Operation Flintoff strikes

England's irresistible talisman is allowed to bowl after all and plunders the plaudits as Chanderpaul ton lifts West Indies

Andrew Flintoff provided a thrilling intrusion into the First Test yesterday just as doubts were being cast on his immediate future as a bowler. He took three wickets in 13 balls, all his victims bowled, hastened the end of a stubborn West Indies team and hurried England towards their primary objective of taking a 1-0 lead in the npower Test series.

His intervention was as decisive as it was incisive. It left the tourists trailing by 152 runs, a significant deficit which England had increased by the end of the day to 223. Virtually from the moment Brian Lara decided to ask England to bat on winning the toss, the tourists' best outcome was probably a draw and they will have to bat out of their skins for some of today and all of tomorrow to achieve that.

Before Flintoff struck so surprisingly, West Indies were indebted to Shivnarine Chanderpaul's well-ordered century and the support he was given by the late middle order. They will need much more of the same. The pitch will still be good but there are signs of turn and Ashley Giles took four wickets in the first innings.

It was Flintoff who grabbed the limelight in the early part of the afternoon in an unlikely burst of seam bowling. Nobody was sure if he would be fit to bowl in this match but the best guess was that his injured ankle, where a spur has grown, would continue to prevent him from doing so. A statement was issued on the second day of the match suggesting he would bowl but theory was put into practice just before lunch yesterday, by which time West Indies had already received 76 overs.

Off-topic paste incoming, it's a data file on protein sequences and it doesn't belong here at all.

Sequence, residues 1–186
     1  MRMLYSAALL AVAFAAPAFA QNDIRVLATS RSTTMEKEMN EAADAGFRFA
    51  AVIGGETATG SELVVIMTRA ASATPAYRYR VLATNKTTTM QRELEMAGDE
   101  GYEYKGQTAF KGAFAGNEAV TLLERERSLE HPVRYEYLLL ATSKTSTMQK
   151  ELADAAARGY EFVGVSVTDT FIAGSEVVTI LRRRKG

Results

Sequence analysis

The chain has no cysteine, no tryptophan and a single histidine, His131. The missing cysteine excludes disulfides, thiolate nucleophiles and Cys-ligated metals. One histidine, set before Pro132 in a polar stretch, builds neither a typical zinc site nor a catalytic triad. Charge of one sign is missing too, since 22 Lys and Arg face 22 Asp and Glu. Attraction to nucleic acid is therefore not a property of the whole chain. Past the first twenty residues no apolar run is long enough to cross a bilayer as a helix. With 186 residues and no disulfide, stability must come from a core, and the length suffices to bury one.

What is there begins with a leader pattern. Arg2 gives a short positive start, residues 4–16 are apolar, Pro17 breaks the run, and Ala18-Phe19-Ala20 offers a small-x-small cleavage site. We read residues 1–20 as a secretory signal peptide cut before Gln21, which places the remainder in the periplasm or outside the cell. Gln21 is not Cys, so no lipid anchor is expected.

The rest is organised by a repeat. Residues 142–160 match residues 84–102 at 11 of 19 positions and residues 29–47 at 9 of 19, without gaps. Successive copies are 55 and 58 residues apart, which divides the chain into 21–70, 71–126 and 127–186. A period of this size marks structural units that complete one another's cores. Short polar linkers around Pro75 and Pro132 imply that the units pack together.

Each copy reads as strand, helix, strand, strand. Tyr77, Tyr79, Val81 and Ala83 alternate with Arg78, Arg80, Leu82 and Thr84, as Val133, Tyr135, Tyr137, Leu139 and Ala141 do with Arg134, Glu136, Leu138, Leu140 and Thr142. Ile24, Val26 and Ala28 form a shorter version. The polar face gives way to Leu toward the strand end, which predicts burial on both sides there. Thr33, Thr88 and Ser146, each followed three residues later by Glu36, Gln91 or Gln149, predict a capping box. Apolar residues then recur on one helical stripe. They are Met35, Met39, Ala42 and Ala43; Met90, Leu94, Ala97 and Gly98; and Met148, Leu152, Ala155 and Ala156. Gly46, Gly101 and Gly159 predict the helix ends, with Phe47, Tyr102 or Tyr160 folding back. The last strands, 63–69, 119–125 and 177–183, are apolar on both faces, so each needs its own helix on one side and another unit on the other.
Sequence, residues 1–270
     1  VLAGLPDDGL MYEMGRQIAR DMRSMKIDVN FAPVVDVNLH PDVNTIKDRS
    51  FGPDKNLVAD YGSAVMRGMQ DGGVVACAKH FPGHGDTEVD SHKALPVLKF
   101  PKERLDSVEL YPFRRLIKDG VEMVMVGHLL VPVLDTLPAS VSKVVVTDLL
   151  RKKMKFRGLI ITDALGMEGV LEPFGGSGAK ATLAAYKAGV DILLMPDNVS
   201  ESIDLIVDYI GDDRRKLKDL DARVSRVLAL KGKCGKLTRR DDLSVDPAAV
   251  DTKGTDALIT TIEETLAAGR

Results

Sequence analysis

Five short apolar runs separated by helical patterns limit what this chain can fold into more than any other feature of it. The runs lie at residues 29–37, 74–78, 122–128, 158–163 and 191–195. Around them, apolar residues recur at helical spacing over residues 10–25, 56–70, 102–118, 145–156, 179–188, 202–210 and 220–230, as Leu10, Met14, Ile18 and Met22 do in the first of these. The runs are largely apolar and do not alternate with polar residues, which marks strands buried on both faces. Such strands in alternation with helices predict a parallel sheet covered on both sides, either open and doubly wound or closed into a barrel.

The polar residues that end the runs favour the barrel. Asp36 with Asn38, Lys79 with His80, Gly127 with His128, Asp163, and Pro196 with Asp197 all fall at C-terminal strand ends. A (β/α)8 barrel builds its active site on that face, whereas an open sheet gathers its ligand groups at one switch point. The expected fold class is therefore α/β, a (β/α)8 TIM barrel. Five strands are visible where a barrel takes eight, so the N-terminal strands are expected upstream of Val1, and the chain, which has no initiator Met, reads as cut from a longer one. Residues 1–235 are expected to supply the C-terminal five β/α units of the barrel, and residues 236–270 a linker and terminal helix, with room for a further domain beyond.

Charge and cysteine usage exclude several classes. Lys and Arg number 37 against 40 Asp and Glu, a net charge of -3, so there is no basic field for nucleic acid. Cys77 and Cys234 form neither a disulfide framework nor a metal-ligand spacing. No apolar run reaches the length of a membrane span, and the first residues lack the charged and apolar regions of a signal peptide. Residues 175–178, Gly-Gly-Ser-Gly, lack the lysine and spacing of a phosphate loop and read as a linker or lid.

There was nothing in Flintoff's limp first spell of three overs to suggest what would come later. But he had another chance when West Indies reached 399 for 6. He found himself on a hat-trick when he bowled Omari Banks and Tino Best and although he missed it, with the ankle forgotten and spurred on, so to speak, by a crowd short of drama, he got one through Pedro Collins's defences nine balls later.

After the day's play, Flintoff insisted that it was a small area of inflammation and that the specialist advice said surgery was definitely not essential at this stage. The trouble is that all English cricket fans know that Flintoff has been pushed too far before. He had to pull out of the last tour of Australia because of a chronic hernia when surgery was said to be not essential.

It was a precious lead for England, who had spurned the opportunity to take their first-innings score from formidable to mammoth on the previous day and made the follow-on attainable. They then spurned three chances yesterday - Ridley Jacobs to Flintoff at slip, and Banks twice, to mid-on and mid-off where Graham Thorpe and, much less culpably, Stephen Harmison could not hold on. On this sort of pitch sides have to take catches.

England had few alarms in their second innings. The newish opening partnership of Marcus Trescothick and Andrew Strauss put on 70 unflustered runs, more or less matching each other. Lara set defensive fields in which only one slip featured. He had no other option.

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